We’d visit in the morning but every day we’d be sure to get back home to catch our soaps, Days of our Lives and The Young and the Restless. But never, ever The Bold and the Beautiful. According to Nancy, that show is utter trash for people with nothing to do in the afternoons. Our shows were just a treat in between tasks as we ate lunch. The two of us, with our sixty-year age gap, eating corned beef sandwiches, would sit together in her frozen-in-time loungeroom and discuss the episodes. There was so much going on! What would be the exciting ramifications now Marlene has been possessed by the devil himself? Will this affect Stefano’s important cocktail party? How do they make their hair so big? Then Granny would get back to her errands, chores and teaching me how to sew. Sometimes I’m not sure if I’m gay or perhaps I’m just deeply emulating my hero, a woman born in the late 1930s.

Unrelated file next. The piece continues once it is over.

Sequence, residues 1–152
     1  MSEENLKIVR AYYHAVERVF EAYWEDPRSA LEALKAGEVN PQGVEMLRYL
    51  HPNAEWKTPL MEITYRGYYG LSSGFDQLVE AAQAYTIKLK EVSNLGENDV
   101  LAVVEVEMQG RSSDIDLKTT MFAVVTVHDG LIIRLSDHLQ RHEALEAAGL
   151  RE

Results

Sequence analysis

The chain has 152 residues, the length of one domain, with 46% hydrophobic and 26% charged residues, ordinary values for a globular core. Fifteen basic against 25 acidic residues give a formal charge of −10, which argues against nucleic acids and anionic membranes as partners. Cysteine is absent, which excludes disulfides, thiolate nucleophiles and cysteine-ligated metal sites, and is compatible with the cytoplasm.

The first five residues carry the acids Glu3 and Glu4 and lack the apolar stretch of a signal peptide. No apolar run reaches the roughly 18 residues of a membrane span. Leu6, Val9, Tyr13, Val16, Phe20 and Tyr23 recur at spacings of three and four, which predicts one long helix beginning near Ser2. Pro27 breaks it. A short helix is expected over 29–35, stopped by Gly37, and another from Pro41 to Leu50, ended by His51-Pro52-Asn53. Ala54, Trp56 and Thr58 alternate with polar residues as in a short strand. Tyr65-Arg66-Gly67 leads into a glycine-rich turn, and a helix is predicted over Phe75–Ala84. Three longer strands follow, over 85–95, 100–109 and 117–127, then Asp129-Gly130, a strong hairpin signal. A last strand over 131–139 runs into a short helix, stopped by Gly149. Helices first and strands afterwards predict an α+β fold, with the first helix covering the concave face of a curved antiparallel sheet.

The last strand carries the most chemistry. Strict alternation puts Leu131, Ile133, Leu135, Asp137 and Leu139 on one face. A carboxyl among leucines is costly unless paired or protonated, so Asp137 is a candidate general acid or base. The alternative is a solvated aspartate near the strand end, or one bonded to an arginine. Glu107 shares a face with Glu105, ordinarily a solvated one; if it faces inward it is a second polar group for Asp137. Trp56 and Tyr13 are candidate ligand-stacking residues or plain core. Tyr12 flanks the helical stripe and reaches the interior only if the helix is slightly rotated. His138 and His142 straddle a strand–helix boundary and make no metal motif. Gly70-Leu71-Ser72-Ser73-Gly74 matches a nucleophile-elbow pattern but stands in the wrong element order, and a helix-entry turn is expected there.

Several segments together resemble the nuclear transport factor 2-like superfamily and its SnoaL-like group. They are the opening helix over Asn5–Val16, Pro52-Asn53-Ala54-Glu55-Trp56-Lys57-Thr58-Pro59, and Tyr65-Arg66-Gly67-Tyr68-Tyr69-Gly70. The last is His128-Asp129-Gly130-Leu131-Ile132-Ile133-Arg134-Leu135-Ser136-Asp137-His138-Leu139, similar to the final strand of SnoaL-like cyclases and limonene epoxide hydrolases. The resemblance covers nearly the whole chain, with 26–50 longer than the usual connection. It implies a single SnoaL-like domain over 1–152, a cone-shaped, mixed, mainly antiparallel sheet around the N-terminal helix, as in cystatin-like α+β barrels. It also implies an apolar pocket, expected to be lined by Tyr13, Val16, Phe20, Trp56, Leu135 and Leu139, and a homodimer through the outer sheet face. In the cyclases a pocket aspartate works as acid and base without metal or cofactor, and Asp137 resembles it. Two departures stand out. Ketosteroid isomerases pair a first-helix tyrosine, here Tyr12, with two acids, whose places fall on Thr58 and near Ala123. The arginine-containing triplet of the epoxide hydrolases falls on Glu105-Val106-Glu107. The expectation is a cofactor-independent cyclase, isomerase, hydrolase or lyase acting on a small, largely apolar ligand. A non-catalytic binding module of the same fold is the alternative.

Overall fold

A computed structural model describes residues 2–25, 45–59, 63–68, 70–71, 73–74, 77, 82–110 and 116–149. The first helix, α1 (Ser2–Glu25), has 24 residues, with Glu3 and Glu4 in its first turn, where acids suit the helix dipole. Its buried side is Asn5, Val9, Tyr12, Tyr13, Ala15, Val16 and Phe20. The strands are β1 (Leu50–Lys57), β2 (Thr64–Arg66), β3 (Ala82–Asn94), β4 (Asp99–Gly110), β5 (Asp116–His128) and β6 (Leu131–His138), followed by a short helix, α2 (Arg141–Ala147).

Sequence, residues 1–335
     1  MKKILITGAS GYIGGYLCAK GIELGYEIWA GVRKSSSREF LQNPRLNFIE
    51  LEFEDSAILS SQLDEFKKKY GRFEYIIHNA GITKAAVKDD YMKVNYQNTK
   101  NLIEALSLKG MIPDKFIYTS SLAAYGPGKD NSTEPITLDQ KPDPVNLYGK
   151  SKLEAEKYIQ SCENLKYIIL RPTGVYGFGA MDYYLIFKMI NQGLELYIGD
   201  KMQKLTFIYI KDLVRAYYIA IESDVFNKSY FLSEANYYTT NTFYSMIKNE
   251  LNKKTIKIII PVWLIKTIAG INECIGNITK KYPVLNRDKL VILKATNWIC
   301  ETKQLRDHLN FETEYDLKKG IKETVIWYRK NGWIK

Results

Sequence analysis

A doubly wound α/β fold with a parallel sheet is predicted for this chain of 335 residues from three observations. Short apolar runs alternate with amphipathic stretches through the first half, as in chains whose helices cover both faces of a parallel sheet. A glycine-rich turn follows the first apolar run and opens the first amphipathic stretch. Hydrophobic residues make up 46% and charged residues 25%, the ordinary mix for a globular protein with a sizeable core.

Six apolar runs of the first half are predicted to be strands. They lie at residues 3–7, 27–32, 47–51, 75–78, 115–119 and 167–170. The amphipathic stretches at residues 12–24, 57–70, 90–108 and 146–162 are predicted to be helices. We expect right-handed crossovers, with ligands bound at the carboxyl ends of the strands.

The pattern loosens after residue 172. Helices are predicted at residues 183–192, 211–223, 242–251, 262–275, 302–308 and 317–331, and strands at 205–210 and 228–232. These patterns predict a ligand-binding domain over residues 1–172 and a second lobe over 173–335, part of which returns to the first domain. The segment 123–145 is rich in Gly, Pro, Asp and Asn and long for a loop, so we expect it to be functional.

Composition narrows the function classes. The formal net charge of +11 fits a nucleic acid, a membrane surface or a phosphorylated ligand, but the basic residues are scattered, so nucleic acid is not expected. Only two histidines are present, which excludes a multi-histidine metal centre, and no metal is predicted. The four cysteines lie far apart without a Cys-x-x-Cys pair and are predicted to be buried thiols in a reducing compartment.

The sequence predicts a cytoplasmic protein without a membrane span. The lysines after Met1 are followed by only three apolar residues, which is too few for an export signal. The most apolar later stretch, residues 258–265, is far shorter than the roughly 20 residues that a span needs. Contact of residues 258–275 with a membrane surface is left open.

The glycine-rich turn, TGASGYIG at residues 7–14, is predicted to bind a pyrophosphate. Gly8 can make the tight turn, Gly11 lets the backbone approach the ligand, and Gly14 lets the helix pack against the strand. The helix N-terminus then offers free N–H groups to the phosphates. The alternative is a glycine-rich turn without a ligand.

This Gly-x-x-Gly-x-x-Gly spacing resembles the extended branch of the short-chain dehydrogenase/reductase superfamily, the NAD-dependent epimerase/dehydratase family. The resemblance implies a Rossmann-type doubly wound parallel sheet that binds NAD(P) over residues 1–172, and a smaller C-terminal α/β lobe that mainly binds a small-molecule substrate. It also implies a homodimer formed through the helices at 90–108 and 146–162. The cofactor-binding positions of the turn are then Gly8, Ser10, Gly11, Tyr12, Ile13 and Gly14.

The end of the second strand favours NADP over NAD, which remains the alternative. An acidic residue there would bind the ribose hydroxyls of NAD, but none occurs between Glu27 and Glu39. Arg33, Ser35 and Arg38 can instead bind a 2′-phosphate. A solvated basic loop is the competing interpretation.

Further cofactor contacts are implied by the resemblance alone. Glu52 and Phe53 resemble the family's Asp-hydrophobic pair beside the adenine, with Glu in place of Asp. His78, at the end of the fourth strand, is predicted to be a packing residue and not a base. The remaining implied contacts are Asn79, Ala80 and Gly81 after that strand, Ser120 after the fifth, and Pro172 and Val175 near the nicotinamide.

After a couple years we moved out, and by this point I was at school. I hated school so much and would often, and I mean often, fake being sick so I didn’t have to go. She’d never admit it, but having not been a huge fan of school herself, I’m almost certain she was happy to play along. I recall being so devastated to not have so much time with Granny. My sister is much older than me so she was out having fun. Luckily on Fridays, Granny would pick me up at school and I would stay at her place. At the time I thought of this as a treat for me, but now I think about it, it was most definitely so Mum and Dad could have some well-deserved time to themselves. Plus I had to know what was happening on our shows now school was getting in the way. Friday nights meant two things with Granny: we’d watch a movie and she would cook one of my absolute favourites, fried rice that was so goddamned delicious but can only be described as deeply, deeply Caucasian in its execution and taste. Granny, like many women of her generation, had never gotten over the advancements in modern kitchen technology. Anyone born after the late 1970s might take something as simple as the microwave oven for granted, whereas these ladies are passionate about magnetrons and the way they make the molecules of food vibrate to the point of frictional heat. She’s the only person I’ve ever seen microwave bacon before popping it into the rice.